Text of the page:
But once the nerves have been oversensitized due to trauma (such as PTSD or illness) it is impossible to overcome anxiety by willpower or thinking techniques alone. The nerves must heal, they cannot be simply commanded by willpower.

For instance if a person is deep into anxiety due to trauma or illness, the brain may be missing the neurotransmitters necessary to command the brain, therefore the instinct for fear continues to automatically activate, over-responding to normal stimuli. In other words, the accelerator works fine (the instinct to fear and anxiety) but the brakes (our reasoning power) do not have sufficient brake fluid to be able to work when we try to apply them.

In my own case, after my back injury and my 3 weeks on oxycodene my nerves were oversentized to the point where I suffered anxiety for several months. I could always hypnotize myself in order to sleep at night and to get some temporary relief during the day, but my regular mind tricks did not work to alleviate the overwhelming anxiety. Normal sounds such as the TV or the timer in the microwave, even my husband's loud voice were suddenly excruciatingly painful. I had no appetite and no energy. I felt disconnected from life in a way that was frightening. My mind techniques were still helpful in that I could remain cheerful and keep up with my responsibilities even though I was in a lot of emotional pain. I made myself get out to social events and did yoga and swimming every day to keep my body going. Mind techniques gave me the support to be able to keep on going. But I needed the additional help of nutritional supplements.

Now that I have not been troubled by anxiety for several months, those sounds also are no longer painful and my energy and zest for life are back. It seems that my nerves have now healed from being oversentisized.  I did seek the help of someone who practices Chinese medicine and acupuncture rather than returning to Kaiser for anti-depressants or anti-anxiety drugs. I am still on a regimen of  a dozen different supplements and herbs. Due to my age (77) and the fact that my organs are no longer so efficient at producing hormones and amino acids that my body needs, I will probably take these kinds of supplements for the rest of my life.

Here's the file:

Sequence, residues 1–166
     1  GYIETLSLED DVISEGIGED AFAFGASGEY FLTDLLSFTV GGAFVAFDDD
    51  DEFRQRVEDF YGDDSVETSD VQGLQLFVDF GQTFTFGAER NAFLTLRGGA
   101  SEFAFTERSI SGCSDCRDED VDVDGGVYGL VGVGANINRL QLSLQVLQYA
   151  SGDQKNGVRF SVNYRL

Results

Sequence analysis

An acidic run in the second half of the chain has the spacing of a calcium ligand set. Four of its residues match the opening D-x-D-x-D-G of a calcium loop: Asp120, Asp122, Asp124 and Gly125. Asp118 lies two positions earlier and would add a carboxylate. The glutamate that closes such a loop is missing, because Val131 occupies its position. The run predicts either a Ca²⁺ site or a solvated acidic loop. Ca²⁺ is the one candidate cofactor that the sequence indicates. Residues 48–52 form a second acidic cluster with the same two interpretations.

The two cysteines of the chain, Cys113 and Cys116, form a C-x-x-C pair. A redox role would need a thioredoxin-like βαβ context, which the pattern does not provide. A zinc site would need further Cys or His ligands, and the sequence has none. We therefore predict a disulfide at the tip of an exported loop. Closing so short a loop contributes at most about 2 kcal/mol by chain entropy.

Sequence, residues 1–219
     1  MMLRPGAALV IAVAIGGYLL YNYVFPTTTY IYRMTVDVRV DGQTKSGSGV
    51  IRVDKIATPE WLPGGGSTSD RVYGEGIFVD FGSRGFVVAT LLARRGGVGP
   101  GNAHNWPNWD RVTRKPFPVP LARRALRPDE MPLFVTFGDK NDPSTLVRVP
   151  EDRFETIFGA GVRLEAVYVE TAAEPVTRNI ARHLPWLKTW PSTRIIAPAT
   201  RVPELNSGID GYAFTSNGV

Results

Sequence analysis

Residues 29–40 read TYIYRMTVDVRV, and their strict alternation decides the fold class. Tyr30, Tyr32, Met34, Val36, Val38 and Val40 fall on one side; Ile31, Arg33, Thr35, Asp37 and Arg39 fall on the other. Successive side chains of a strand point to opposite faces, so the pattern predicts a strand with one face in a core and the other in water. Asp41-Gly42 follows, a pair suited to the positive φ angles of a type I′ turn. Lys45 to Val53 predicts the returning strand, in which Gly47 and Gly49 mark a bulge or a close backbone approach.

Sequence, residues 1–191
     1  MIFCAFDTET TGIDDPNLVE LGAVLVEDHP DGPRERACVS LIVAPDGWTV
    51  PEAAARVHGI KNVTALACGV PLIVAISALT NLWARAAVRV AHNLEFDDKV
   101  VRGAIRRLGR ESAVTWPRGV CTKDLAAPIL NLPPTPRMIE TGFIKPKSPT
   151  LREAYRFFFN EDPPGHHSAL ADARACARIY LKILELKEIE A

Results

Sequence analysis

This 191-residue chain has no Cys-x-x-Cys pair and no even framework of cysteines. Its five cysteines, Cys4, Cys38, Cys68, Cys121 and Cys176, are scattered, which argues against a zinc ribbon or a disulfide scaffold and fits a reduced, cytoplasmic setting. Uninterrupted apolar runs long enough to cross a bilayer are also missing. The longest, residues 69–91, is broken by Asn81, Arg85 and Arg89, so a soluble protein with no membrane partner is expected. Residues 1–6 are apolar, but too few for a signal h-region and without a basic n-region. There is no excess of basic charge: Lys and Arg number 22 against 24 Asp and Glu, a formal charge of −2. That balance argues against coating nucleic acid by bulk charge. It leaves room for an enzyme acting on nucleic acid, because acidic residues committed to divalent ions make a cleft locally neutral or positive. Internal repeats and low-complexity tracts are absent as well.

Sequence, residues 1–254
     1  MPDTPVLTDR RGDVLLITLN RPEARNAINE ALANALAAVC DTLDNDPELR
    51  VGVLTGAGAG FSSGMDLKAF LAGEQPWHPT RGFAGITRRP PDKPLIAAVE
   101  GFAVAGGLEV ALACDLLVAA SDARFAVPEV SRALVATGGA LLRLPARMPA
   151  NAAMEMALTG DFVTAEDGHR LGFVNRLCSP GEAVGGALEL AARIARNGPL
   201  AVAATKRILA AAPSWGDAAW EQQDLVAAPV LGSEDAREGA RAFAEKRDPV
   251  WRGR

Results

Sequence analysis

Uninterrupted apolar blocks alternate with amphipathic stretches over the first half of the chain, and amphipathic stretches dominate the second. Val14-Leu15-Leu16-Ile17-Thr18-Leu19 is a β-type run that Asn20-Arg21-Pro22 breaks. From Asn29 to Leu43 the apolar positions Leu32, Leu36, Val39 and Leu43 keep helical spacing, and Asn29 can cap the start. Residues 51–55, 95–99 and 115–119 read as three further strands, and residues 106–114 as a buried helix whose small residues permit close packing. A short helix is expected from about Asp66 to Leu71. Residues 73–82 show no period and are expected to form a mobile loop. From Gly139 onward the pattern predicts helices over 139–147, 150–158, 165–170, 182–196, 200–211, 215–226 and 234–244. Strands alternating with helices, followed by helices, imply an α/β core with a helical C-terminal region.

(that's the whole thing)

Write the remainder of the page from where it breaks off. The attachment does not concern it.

My mind techniques were sufficient to cure myself of manic depression but not anxiety. I don't think that lessens the importance of my work for depression,  but it does mean that these techniques, in and of themselves, will not cure every kind of mental problem. They will help keep you on the right road to a cure for any problem, but you may need hormonal or other nutritional balance in addition to them.

Of course the problem with those who are relying on anti-depressants is that one can’t count on their safety or effectiveness. Research shows that they are no more effective than placeboes (of course this may very well mean that placeboes are extremely effective in and of themselves) and they only help 50% of the people who try them. Much of the drug testing is skewed or downright fraudulent and the doctors don’t know anything about what they are prescribing except what the drug salesmen tells them. Since psychiatrist no longer have time for “counseling,” they don’t monitor their patients effectively so they don’t have much of a support team. Support of like-minded people is so important to those suffering from depression. We all need to know that someone gives a damn about us and we need to be responsible enough to seek out some kind of friendly if not loving support. We are a herd animal. Being alone is not good for us.  A. B. Curtiss

Dear A. B.

Thanks for your detailed reply.  I am so happy that you found some assistance through nutrition therapy and herbal medicine after your back injury.  It sounds like it took some experimentation, but you hit on the right mix eventually.

I would not describe the anxiety that resulted from your injury and treatment as "mental illness."  I think of it as an expected, unpleasant side effect that humans often encounter after something traumatic, and I consider surgery a trauma to the body.  The initial injury also limited you in many ways, so that was also difficult, if not traumatic, understandably impacting on your well-being and emotional state. 

As you have said in your books, we can not control the advent of depression, (or anxiety) but we can control our responses to it.  You did not write yourself off as mentally ill  and start taking anti-depressants.  You saw yourself as one going through a normal, but painful adjustment and responded by tweaking your self-care routines.